Residents are having a hard time finding convenient places to plug in
With Canadian gas prices hitting record highs in recent months, I’m doing my best to keep my smugness in check. As well as saving me thousands of dollars in fuel costs and drastically reducing my carbon footprint, my 2020 all-electric Tesla 3 has access to what is still a surprisingly rare condo amenity: an in-house charging station.
Last year, more than 83,000 electric vehicles (EVs) hit Canadian roads, which Statistics Canada reports was an all-time high. In the fourth quarter of 2021, plug-in cars and SUVs topped 6 percent of all new vehicle registrations for the first time, with year-over-year sales growing by almost 60 percent.
Given that 2021 gas prices were relatively affordable compared to 2022, I’m not surprised that 46 percent of Canadians surveyed in June for Ernst & Young’s EY Mobility Consumer Index said they plan to buy an EV as their next vehicle. That’s up from 11 percent in 2021. If these drivers follow through on their intentions, hundreds of thousands of EVs will hit Canadian roads in the not-too-distant future. Based on federal government mandates, those numbers will be in the millions by 2035, when all new vehicles must run on batteries.
However, what I AM surprised about is how long it’s taken condo developers and boards to react to the surge in demand. Indeed, according to a recent survey supported by Innovation, Science and Economic Development Canada (ISED), the one-third of Canadians who live in apartments and condos are having the hardest time finding convenient places to charge their EVs.
My Strata colleague and fellow Tesla owner Cliff Lui can relate. While living in GTA condos, Cliff would usually park overnight in nearby public parking garages with EV charging stations. “I’d park there more than I would in my own parking spot,” Cliff says, adding that I am the only condo-dweller he knows who has access to in-house charging.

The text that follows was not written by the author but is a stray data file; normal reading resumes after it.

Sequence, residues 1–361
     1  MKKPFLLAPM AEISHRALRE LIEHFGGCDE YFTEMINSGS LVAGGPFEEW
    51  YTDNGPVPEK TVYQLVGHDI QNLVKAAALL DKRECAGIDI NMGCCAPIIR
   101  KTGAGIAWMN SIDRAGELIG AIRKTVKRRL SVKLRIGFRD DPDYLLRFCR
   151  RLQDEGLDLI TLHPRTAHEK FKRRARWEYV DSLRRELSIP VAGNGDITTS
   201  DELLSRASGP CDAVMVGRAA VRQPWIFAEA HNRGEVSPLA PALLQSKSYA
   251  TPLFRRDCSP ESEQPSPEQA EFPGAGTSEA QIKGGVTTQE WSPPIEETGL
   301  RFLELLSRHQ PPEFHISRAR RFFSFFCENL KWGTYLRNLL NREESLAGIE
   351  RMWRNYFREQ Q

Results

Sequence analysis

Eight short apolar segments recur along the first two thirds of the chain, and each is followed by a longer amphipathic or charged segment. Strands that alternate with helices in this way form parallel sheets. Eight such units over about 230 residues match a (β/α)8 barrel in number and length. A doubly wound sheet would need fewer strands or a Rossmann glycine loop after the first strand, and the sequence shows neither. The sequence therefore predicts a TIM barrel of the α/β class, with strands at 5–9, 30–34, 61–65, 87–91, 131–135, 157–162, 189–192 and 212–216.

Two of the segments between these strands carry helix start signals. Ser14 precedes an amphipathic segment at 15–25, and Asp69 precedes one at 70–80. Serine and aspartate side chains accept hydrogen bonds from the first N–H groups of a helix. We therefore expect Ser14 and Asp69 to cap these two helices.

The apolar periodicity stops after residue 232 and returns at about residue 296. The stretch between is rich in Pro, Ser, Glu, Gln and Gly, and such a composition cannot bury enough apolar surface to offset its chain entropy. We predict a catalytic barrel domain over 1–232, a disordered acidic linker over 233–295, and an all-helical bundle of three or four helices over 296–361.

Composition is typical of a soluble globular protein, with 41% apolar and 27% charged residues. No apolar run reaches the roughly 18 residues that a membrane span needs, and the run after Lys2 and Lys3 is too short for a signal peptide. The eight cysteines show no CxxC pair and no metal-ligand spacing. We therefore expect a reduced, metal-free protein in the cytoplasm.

Strata Realtor Cyrus Ghazvini is currently in the same boat that Cliff once was. But he reports that the property managers of his building are “exploring options to have EV hookups in our parking structure. We still don't know whether each parking owner will have their own charger, or if there will be a section of spots dedicated to temporary charging. At least it's finally being taken seriously. I personally negotiated an EV rough-in for a client who bought a unit at Pier 27 years ago, so I know it can be done. Better late than never, I guess.”
Until a couple years ago, many condo corporations were doing little or nothing to make on-site chargers available to residents. Now, they’re playing catch up. Residents of the 10-year-old Thompson Residences at King and Bathurst, for instance, were recently emailed details of the corporation’s ongoing upgrades to the building’s electrical infrastructure to support up to 68 EV charging stations on two levels of its underground garage. Totalling $277,549.75, the upgrades do not include the installation of individual chargers, which must be covered by the respective owners. (From what I understand, having a charger installed in a condo parking garage costs between $3,000 and $5,000.) Owners must also repay their proportionate share of the upgrades, which comes out to $4,081.61 per charger. However, many other condos are finding more affordable options — particularly newer and pre-construction condos.
While this arrangement is typical of installations in existing condo communities’ — it was codified by the Condominium Authority of Ontario in 2018 — pre-construction projects are still charging a premium for private EV hookups. “I don't think EV charging in condos is a deal-breaker yet,” Cliff says. “Right now, it is more of a frill, like a basketball court or bowling lane.”
But Cliff, Cyrus and I are all on the same page in believing that it will soon be a standard amenity on par with gyms or outdoor terraces. Some of our clients are already asking how much it would cost to install EV chargers, and how they affect the resale value of pre-construction condo units. As it stands, added resale value is in line with the lofty cost of installation. But as more residents pressure condo boards to install chargers, and as more new builds include them, they will likely become more affordable.
On that note, the ever-increasing affordability of EVs themselves has not been lost on any of us. Given my 2020 purchase, maybe I shouldn’t feel that smug after all!